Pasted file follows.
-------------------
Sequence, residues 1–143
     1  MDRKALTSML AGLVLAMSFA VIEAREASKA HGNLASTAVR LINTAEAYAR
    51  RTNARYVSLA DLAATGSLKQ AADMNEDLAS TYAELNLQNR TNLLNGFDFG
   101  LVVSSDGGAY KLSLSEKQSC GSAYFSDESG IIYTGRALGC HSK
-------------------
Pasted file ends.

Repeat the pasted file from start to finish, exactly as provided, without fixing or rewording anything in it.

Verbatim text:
Sequence, residues 1–143
     1  MDRKALTSML AGLVLAMSFA VIEAREASKA HGNLASTAVR LINTAEAYAR
    51  RTNARYVSLA DLAATGSLKQ AADMNEDLAS TYAELNLQNR TNLLNGFDFG
   101  LVVSSDGGAY KLSLSEKQSC GSAYFSDESG IIYTGRALGC HSK